The United States derives from a global income tax model under which it taxes it citizens and permanent residents on all their worldwide income without regard to the source of that income. Under a pure global model, the United States would combine income and deductions in a single tax computation. Other countries including Germany and Sweden originate in schedular income tax models under which the tax system classifies income by type, matches it with deductions from the same class, and computes a separate tax on each class. Neither the United States’ global model nor Germany’s or Sweden’s schedular models are free from elements of the other model.
The principles of horizontal and vertical equity underlie the development of both global and schedular tax systems in advanced economies. Horizontal equity seems an indisputable precept. The horizontal equity principle is straightforward. It requires that like taxpayers incur like tax burdens. The principle of vertical equity led to the development of the progressive rate structures. Its application and limitations have proven to be more of a challenge than horizontal equity. Vertical equity departs from the principle that as one’s income or, possibly, wealth, increases, one can and should contribute more of that income to supporting governmental services. The wealthier one is, the less likely it is that an increased tax burden will diminish the individual’s welfare in any material way. Conversely, the less wealthy one is, the more likely it is that an increased tax burden will diminish the individual’s welfare materially.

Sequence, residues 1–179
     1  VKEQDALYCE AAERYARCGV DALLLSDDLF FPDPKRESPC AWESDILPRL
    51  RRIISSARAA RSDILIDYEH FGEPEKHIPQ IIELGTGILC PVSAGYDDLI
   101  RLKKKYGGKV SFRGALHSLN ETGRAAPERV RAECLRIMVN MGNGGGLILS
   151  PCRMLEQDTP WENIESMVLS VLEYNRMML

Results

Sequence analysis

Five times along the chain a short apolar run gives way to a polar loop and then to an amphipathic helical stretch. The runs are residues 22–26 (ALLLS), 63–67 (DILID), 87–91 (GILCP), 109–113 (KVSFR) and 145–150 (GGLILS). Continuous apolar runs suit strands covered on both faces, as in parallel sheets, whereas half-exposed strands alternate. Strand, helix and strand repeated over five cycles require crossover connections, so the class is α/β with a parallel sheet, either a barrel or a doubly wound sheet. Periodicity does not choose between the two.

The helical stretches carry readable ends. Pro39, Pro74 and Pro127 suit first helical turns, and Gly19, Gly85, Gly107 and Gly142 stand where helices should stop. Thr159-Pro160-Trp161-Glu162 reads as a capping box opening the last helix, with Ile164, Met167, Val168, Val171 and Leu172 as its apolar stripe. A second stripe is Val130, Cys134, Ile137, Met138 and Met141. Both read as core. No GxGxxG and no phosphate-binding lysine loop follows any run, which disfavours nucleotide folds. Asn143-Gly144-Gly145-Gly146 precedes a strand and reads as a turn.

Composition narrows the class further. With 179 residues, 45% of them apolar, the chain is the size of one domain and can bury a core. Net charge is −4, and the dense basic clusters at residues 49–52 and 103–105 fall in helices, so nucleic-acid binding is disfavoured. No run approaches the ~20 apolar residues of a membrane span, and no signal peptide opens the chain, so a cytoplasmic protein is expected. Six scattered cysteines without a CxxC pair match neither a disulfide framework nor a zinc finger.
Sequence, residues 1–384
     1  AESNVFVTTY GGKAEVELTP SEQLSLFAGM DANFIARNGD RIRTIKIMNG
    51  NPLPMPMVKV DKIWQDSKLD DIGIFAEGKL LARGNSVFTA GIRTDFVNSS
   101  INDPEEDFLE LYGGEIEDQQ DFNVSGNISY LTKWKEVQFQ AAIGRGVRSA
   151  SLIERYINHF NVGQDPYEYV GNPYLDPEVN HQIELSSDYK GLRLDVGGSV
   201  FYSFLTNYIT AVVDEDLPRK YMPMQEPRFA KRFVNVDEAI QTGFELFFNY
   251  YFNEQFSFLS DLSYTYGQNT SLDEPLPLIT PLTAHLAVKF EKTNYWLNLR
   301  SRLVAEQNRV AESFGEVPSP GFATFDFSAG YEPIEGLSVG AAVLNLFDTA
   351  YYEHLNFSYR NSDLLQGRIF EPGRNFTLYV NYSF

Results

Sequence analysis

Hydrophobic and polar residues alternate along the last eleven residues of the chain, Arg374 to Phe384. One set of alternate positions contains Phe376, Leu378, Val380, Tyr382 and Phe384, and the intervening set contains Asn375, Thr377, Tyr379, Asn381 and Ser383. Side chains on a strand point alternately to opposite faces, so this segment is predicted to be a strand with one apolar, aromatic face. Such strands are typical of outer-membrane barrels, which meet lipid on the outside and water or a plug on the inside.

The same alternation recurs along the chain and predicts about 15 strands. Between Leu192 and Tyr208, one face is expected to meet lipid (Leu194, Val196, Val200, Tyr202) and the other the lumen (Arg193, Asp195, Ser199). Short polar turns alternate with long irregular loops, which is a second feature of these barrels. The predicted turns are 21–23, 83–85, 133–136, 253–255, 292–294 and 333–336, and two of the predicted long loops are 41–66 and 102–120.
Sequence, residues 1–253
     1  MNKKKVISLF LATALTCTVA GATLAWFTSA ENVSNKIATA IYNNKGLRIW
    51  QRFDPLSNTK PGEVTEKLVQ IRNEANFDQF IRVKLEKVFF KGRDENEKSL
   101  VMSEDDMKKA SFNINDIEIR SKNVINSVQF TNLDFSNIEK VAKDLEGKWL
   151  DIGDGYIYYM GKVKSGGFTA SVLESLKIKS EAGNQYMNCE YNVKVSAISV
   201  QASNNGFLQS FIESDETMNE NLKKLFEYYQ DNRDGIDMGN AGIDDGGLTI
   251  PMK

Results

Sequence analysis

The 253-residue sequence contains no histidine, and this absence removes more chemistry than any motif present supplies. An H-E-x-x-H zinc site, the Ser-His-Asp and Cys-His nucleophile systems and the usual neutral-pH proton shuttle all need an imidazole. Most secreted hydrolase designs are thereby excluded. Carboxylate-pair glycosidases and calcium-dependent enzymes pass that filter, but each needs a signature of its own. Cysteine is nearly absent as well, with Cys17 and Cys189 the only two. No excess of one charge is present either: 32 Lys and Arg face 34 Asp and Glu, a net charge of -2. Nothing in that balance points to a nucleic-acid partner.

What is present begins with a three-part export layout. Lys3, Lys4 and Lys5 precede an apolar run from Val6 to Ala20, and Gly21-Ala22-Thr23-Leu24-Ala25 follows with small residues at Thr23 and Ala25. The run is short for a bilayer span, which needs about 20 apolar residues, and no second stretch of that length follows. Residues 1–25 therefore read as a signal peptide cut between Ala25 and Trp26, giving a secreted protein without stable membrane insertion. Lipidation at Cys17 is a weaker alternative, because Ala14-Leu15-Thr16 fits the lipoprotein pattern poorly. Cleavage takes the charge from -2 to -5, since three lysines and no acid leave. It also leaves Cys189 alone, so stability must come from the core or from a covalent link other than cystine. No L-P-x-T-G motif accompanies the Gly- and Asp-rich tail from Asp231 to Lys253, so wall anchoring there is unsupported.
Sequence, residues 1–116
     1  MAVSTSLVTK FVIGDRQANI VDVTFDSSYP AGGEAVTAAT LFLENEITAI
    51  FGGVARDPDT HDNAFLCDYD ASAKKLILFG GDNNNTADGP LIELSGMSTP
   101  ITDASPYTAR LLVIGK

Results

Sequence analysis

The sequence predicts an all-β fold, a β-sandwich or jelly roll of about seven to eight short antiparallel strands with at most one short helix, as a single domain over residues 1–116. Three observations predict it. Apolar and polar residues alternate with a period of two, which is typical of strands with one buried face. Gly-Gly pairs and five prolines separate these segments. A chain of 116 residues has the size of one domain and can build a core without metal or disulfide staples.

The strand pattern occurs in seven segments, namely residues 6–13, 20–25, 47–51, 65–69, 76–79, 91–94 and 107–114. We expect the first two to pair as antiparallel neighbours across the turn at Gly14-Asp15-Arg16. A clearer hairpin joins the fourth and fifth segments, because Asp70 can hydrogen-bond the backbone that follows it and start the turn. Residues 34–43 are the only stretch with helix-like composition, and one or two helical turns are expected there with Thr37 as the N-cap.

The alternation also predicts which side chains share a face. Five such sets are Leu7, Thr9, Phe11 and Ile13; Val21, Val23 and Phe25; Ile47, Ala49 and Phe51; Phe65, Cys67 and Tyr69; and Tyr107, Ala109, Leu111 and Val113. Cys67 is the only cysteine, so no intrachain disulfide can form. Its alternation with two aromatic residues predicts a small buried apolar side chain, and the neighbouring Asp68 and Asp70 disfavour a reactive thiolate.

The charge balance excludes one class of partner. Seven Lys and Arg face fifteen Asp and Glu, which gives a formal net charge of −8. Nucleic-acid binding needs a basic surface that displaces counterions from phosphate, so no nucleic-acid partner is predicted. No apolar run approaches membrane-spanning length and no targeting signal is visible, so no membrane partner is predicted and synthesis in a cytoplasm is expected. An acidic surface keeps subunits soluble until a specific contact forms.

This paper exposes the embedded schedularity of the United States federal income tax system. The system is schedular in the three principal areas of investment income, personal services income, and tax free income. The paper compares and contrasts these schedular areas with features of schedular tax systems like Sweden or Germany, primarily Sweden, and seeks to ascertain whether each schedular feature enhances or undercuts horizontal and vertical equity of the income taxes. The paper observes that Congress has used schedular elements to accomplish distributional policy goals, initially in order to protect progressivity, but more recently that usage has shifted to increase overall regressivity in taxation. The paper concludes that United States taxation seems to be moderately schedular and that schedularity in the United States contributes to regressivity in taxation.
Ordower, Henry, Schedularity in U.S. Taxation, Its Effect on Tax Distribution, Comparison with Sweden (November 30, 2012). Saint Louis U. Legal Studies Research Paper No. 2012-31. Also available at http://dx.doi.org/10.2139/ssrn.2182871